Mewsings Blog - sponsor

June 11, 2014

Amanda is a beautiful tortoiseshell kitty.

Amanda came to us as a very shy kitten with her brother Tucker. She's still a very quiet girl, but is comfortable with the other cats in her area. She loves to lounge around the shelter with her kitty friends.

Can you sponsor Amanda to help with her expenses? To sponsor her, start at:

http://thunderingpaws.org/donate

and make a Paypal donation at the $25 per month level. Then send an email to anne@thunderingpaws.org telling us that you want your money to "Sponsor Amanda." If you prefer to send monthly checks or set up an automatic credit card or bank draft, just give us a call at 512-402-9725 and we will help get you all set up.

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June 5, 2014

Aloysius is a shy guy with very handsome tabby markings.

He was one of a litter of eight kittens born under a neighbor's house. He doesn't care much for humans, but that's OK with us. He's one of our cat run cats who will live out his life in the comfort of our indoor/outdoor run.

Can you sponsor Aloysius to help with the expenses of keeping him happy and healthy? To sponsor him, start at:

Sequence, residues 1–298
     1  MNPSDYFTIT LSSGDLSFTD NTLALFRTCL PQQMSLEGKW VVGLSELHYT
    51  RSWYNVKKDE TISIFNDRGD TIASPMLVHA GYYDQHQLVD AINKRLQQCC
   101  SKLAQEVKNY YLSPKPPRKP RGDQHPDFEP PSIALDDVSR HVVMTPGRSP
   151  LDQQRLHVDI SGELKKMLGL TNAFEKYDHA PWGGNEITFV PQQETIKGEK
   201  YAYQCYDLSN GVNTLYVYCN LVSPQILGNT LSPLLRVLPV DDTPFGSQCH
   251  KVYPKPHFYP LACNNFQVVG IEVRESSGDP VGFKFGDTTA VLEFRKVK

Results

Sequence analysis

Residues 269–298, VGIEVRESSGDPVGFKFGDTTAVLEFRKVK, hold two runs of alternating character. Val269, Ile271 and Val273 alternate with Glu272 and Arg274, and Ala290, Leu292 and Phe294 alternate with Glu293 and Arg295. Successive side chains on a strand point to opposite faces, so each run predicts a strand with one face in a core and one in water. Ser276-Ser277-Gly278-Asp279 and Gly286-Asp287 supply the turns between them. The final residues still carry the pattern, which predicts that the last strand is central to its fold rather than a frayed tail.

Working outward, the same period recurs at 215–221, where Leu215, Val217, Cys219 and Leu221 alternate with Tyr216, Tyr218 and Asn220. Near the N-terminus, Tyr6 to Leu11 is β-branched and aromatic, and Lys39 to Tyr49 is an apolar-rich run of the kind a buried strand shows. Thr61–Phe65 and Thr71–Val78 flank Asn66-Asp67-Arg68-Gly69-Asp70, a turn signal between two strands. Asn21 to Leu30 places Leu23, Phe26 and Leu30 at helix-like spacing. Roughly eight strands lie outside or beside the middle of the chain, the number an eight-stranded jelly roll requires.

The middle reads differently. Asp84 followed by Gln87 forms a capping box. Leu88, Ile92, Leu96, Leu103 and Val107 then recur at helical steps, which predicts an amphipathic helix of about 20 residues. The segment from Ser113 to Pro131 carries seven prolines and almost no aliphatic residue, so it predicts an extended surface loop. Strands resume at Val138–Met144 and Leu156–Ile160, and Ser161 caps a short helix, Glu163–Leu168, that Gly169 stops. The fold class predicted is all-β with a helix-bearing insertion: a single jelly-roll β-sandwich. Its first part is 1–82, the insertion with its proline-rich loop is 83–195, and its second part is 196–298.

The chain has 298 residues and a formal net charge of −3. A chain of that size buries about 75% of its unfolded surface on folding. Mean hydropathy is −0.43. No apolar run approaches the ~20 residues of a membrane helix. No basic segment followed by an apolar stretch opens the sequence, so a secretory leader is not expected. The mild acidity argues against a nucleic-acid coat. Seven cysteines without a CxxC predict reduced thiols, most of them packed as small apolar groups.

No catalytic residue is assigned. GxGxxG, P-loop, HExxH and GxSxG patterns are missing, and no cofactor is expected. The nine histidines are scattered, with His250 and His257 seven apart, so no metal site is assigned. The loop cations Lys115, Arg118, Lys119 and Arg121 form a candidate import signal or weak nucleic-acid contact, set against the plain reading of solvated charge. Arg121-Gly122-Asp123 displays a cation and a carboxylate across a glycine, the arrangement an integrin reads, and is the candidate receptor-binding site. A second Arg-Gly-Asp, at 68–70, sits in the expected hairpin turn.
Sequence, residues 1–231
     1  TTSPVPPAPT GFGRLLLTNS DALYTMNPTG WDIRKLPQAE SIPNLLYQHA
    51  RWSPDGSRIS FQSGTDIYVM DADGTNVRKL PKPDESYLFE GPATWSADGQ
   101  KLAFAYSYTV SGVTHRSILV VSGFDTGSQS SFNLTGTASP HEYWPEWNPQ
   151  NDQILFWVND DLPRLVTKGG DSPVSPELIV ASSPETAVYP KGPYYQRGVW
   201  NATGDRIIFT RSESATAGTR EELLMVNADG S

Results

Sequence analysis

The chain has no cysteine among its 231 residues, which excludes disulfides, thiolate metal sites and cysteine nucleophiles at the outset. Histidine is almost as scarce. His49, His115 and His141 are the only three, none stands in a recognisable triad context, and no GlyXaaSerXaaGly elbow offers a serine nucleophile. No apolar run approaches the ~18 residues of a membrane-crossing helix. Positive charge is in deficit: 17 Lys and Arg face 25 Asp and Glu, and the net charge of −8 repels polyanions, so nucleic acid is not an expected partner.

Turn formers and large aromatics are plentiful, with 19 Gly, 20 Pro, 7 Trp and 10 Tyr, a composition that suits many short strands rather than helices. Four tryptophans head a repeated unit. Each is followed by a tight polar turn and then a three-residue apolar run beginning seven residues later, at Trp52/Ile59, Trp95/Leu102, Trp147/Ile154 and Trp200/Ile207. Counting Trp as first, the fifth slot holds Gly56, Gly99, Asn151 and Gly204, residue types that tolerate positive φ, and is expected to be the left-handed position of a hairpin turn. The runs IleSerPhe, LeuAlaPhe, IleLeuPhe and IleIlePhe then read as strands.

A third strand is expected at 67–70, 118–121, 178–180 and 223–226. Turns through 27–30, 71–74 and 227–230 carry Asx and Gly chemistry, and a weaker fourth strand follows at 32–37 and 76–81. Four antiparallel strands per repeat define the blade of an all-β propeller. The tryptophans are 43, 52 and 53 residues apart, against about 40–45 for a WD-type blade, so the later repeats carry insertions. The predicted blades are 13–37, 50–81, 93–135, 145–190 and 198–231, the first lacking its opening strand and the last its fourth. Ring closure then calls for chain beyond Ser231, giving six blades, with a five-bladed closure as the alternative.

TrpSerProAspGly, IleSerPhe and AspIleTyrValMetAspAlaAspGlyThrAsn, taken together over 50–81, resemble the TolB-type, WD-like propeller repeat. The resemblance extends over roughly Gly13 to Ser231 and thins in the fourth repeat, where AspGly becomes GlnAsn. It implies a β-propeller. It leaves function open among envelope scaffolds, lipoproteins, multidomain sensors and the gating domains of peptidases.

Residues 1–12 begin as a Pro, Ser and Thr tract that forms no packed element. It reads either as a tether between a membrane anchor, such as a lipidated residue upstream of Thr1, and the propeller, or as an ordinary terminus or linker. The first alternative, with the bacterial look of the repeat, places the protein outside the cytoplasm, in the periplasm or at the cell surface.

http://thunderingpaws.org/donate

and make a Paypal donation at the $25 per month level. Then send an email to anne@thunderingpaws.org telling us that you want your money to "Sponsor Aloysius." If you prefer to send monthly checks or set up an automatic credit card or bank draft, just give us a call at 512-402-9725 and we will help get you all set up.

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March 19, 2007

Last September we featured an article on July, a cat who came to Thundering Paws feral, emaciated, and obviously quite ill. She had a wonderful sponsor, Jennifer Pospisil, who paid all her expenses until we could find out what was wrong with her: a glob of plastic in her stomach which interfered with her digestion to the point that she was literally starving to death while eating tons of food. Once it was removed, she gained 11 ounces in three days, and became the gorgeous, healthy -- and still feral -- creature that we all knew she could be. She lives here because we don't want her to do any more dumpster diving and ingesting plastic wrap!

July remembers
July relaxing on the cat run

Jennifer alerted Thundering Paws to July, and we went and trapped her to start this process. But the woman who used to feed her, and who told Jennifer about this pathetic cat, is Gloria Colvin, who came over here to volunteer on a recent Sunday. We pointed out July to Gloria who, after the initial denial -- "That can't be July! That cat looks great!" -- talked to July while she was working outside the screened porch where July often suns herself.

July was completely focused on Gloria, watching her work. Gloria began talking the baby talk that she used when she was the caretaker for July's feral colony. And July, who never talks to us, began meowing in response to Gloria's baby talk. July remembered. We trapped her on the first of July, 2004, hence her name, and July still remembers Gloria. Hardened cat trappers burst into tears when told this sweet story.

happy tails, sponsor

September 25, 2006